Red Hat still kicking despite intense competition

Linux distributor has grown its market share four years after Oracle CEO Larry Ellison launched onslaught targeting Red Hat's business, says senior exec who points to company's latest positive financial results.
Written by Kevin Kwang, Contributor

SINGAPORE--Red Hat is still a strong presence in the Linux distribution market as its latest financial results prove, declares a senior company executive who noted that the company's success comes despite targeted maneuvers by its competitors, specifically, Oracle.

Alex Pinchev, executive vice president and president of global sales, services and field marketing for Red Hat, told ZDNet Asia in an interview Thursday that the software company has increased its share of the Linux distribution market from 80 percent four years ago to 87 percent today. This growth comes despite of competition from companies such as Oracle and Novell, he said.

Pinchev pointed to Oracle CEO Larry Ellison's claim in 2006 to "kill Red Hat" when he unveiled a new initiative to sell support for Red Hat Linux, at a cheaper rate than Red Hat was charging, and provide its own free clone of the open source OS called Unbreakable Linux. The announcement caused Red Hat stocks to dip by 30 percent.

Oracle just this week also launched its Exalogic private cloud server which combines both hardware and software and is optimized for Oracle's own products. Exalogic, which is available in both Linux and Solaris variants, is designed to support a range of cloud deployments from small-scale applications to the "largest and most demanding resource planning and mainframe applications", the company said in a whitepaper.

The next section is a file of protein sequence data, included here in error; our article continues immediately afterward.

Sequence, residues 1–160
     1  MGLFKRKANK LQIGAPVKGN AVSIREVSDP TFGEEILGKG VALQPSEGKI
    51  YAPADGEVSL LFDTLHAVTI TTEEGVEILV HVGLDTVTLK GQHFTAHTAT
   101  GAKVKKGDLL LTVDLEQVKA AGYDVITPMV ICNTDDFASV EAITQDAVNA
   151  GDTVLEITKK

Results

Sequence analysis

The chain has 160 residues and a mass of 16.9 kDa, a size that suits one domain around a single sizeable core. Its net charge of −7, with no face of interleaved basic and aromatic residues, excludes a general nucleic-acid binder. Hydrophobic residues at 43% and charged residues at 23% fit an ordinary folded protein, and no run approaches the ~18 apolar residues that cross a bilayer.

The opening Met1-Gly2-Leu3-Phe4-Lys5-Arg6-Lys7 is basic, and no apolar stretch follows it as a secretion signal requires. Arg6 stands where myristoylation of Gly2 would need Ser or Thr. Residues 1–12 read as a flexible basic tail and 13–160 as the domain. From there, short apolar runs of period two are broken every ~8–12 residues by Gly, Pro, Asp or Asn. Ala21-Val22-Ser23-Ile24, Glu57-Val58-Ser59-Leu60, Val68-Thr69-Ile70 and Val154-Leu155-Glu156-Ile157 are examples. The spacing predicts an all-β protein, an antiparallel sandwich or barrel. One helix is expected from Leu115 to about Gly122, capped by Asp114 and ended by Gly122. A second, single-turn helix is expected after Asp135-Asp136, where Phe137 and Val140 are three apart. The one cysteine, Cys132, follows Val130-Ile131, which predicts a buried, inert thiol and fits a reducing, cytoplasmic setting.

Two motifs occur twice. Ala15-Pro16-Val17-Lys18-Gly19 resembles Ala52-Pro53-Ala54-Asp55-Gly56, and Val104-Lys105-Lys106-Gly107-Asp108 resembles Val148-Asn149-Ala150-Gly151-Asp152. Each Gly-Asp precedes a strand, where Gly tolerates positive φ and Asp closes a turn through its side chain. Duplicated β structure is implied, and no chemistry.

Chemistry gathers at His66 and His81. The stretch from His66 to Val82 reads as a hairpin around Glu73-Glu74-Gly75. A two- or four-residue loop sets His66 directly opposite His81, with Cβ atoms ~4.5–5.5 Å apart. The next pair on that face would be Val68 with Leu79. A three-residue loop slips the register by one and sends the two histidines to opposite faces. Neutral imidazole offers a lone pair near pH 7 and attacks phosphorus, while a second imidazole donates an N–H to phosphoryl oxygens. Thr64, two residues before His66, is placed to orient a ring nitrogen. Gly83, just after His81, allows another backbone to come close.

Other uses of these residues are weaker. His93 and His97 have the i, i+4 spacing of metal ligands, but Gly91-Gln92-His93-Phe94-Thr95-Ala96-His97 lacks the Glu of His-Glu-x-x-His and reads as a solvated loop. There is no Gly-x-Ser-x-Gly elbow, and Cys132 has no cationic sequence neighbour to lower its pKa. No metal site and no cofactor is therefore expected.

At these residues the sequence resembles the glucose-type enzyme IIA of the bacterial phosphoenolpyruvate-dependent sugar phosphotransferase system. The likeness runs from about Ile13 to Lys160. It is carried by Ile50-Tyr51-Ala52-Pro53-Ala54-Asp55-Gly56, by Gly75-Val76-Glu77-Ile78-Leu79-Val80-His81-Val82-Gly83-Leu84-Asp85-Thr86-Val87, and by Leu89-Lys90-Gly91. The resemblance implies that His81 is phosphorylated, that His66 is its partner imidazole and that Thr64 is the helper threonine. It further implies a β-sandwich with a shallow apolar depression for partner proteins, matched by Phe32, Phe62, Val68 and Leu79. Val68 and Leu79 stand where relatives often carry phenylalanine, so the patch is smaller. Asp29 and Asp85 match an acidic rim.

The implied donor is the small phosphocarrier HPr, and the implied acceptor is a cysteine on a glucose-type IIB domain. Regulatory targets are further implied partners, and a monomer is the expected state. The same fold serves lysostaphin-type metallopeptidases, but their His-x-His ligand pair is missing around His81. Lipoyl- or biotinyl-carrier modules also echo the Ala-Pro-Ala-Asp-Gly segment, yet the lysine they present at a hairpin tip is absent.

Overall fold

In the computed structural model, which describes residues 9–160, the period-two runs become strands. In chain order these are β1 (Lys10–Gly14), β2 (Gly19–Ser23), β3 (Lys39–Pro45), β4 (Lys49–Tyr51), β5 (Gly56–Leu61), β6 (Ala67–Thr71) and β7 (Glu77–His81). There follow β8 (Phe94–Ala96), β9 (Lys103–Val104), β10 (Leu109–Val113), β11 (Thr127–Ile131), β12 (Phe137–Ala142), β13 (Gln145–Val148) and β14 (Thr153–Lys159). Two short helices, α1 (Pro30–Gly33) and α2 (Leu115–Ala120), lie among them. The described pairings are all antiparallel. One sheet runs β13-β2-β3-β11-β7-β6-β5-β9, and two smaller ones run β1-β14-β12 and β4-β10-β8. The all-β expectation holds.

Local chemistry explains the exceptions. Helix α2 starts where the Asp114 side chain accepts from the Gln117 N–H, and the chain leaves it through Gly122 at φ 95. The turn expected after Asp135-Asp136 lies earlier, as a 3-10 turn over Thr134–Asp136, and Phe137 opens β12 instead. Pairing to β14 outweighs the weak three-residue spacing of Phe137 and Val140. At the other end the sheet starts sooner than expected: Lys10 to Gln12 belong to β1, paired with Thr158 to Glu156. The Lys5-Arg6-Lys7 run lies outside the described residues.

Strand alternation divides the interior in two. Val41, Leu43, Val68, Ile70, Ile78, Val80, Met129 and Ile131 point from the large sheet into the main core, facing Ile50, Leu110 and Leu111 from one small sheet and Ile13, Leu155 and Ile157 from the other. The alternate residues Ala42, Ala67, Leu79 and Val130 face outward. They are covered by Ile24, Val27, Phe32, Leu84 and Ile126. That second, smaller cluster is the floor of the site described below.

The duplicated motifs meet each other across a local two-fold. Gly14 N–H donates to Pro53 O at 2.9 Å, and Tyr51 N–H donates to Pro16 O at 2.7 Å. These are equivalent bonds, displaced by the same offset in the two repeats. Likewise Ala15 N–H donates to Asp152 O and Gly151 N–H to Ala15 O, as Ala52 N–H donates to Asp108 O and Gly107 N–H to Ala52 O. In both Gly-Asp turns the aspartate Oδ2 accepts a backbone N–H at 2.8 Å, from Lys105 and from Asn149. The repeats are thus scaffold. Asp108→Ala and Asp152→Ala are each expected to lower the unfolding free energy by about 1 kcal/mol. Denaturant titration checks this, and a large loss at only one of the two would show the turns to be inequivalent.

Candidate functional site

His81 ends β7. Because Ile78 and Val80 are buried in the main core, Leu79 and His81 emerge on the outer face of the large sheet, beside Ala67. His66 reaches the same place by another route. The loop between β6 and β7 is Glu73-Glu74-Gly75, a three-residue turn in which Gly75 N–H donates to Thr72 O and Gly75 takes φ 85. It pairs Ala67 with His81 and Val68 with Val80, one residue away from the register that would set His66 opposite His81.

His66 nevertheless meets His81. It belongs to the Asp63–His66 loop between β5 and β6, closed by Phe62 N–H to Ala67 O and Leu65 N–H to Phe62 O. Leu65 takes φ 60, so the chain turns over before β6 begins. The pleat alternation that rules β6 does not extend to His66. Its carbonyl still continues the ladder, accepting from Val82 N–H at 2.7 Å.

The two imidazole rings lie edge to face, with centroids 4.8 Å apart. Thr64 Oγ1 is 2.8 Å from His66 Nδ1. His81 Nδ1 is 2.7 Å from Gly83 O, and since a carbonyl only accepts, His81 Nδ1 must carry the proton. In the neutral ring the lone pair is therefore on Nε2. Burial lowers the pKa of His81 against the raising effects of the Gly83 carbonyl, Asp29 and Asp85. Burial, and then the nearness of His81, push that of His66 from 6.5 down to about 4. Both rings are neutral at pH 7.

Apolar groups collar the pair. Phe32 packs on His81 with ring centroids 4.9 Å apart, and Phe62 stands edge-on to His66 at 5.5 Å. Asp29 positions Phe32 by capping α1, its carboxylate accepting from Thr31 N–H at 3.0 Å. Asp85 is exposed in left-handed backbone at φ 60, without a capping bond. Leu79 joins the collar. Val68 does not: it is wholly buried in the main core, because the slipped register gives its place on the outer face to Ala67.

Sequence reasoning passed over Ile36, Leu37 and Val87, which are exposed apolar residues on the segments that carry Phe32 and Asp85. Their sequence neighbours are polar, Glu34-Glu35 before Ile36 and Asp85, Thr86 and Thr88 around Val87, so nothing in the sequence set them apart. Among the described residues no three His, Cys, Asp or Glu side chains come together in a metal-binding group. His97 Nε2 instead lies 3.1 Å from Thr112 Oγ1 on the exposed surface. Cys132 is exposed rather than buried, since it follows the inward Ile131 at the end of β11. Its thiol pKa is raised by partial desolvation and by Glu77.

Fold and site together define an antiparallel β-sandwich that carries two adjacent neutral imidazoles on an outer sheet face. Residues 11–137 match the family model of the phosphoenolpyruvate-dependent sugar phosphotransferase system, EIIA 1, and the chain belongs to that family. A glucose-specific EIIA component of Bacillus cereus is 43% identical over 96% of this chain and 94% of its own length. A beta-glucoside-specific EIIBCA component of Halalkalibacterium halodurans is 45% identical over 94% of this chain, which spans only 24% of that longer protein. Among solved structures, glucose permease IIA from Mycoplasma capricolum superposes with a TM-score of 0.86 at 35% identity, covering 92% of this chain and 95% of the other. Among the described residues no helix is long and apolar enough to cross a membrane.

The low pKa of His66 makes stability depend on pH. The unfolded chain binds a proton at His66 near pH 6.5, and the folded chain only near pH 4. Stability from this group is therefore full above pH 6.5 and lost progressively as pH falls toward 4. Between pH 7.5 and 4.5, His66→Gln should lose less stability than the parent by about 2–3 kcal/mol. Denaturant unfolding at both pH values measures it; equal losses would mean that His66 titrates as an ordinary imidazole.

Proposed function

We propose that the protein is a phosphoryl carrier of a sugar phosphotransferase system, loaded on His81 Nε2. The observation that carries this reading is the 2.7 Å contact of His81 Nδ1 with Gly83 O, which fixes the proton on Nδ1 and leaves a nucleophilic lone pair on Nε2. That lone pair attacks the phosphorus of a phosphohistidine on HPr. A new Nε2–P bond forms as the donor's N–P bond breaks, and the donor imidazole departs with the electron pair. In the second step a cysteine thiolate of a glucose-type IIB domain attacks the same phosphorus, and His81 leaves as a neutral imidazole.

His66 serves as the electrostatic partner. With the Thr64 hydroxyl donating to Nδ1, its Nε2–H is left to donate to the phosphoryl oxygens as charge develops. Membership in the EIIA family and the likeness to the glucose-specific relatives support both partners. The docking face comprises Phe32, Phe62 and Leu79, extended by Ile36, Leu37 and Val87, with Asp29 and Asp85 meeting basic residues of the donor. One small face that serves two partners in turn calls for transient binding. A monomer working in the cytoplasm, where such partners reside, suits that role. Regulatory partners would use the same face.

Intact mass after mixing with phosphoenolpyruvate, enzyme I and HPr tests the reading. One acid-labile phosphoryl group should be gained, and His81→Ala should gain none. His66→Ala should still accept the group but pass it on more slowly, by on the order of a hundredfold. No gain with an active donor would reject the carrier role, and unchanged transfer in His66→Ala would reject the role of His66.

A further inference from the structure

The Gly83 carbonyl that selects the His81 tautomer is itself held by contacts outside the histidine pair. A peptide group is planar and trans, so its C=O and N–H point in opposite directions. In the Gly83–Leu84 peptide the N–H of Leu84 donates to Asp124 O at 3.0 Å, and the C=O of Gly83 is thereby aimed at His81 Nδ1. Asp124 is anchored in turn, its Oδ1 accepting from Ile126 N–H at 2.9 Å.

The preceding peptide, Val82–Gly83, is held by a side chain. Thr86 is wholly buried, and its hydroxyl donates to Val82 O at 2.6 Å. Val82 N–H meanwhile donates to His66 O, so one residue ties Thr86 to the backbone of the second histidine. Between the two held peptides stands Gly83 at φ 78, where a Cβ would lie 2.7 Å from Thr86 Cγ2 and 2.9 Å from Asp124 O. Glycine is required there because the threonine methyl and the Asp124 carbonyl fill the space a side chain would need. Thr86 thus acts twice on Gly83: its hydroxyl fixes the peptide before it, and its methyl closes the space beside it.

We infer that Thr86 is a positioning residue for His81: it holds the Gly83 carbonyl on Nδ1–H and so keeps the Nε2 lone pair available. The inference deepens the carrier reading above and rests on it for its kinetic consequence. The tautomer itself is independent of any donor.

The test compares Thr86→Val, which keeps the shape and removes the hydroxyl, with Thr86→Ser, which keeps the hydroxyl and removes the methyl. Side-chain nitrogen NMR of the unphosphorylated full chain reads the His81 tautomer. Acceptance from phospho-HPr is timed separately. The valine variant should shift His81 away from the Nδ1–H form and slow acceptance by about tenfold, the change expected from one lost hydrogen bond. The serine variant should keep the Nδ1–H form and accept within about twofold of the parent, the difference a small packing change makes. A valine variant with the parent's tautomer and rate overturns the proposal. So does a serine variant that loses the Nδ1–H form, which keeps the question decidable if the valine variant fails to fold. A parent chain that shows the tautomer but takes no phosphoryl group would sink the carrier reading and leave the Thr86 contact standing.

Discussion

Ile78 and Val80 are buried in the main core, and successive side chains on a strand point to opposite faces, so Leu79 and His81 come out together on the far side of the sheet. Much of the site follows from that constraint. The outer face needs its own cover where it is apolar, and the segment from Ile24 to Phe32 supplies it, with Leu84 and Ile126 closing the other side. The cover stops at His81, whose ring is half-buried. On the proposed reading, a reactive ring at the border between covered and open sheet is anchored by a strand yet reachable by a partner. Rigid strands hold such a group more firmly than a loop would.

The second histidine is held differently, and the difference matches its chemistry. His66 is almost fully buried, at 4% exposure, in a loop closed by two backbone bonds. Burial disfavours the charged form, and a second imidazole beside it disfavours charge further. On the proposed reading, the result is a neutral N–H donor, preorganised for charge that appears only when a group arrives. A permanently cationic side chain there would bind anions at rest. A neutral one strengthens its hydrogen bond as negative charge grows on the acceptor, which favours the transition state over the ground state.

Asked about the impact of the launch, Pinchev said such moves by Oracle are nothing new to Red Hat and described it as "deja vu all over again". Despite the intense competition, he said Red Hat continues to grow its market share and has "not lost a customer to Oracle".

He also scoffed at its rival's latest Unbreakable Enterprise Kernel offering which was touted to achieve 75 percent better performance over Red Hat's Enterprise Linux (RHEL) 5-compatible kernel, saying that there was "no innovation there".

"Oracle's kernel, [derived from the stable 2.6.32 mainline Linux kernel], is modified [to work solely with Oracle software] but some of the technologies do not work. We know...We tested it on our own system," Pinchev revealed, adding that these technologies will work on RHEL 6, which is slated to hit the markets at the end of the year.

He also knocked the competitor's track record on innovation, saying: "I don't remember Oracle being an innovative company. It buys a lot of companies...but it is not innovative. I believe the market has lost trust in them."

Strong second quarter showing
The Red Hat executive vice president was in town to announce the company's second quarter results for its financial year 2011, ended Aug. 31, where its total revenue grew 20 percent year-on-year to US$219.8 million. Pinchev added that the company's RHEL subscription revenue reached US$186.2 million, a 19 percent growth over the same quarter last year.

Its Asia-Pacific business currently contributes about 20 percent of the company's total revenue. In comparison, Europe accounts for 24 percent while U.S. makes up 56 percent of overall revenue, he noted.

Pinchev attributed the company's positive showing to an accelerated adoption of Linux among customers migrating from Unix, and a similar uptake of its middleware as the company grows its presence in the global market. The Red Hat Enterprise Virtualization, which includes its KVM hypervisor, has also been another significant driver, with more than 300 customers signing up worldwide since its launch in September last year, he said.

Dirk Peter van Leeuwen, vice president of Red Hat Asia-Pacific, who was present at the same interview, identified China, India and Japan as "key growth opportunities" for the company in this region.

Adoption of its virtualization software has also been "above average" in this region, contributing 30 percent of the company's overall virtualization business, he added.

Editorial standards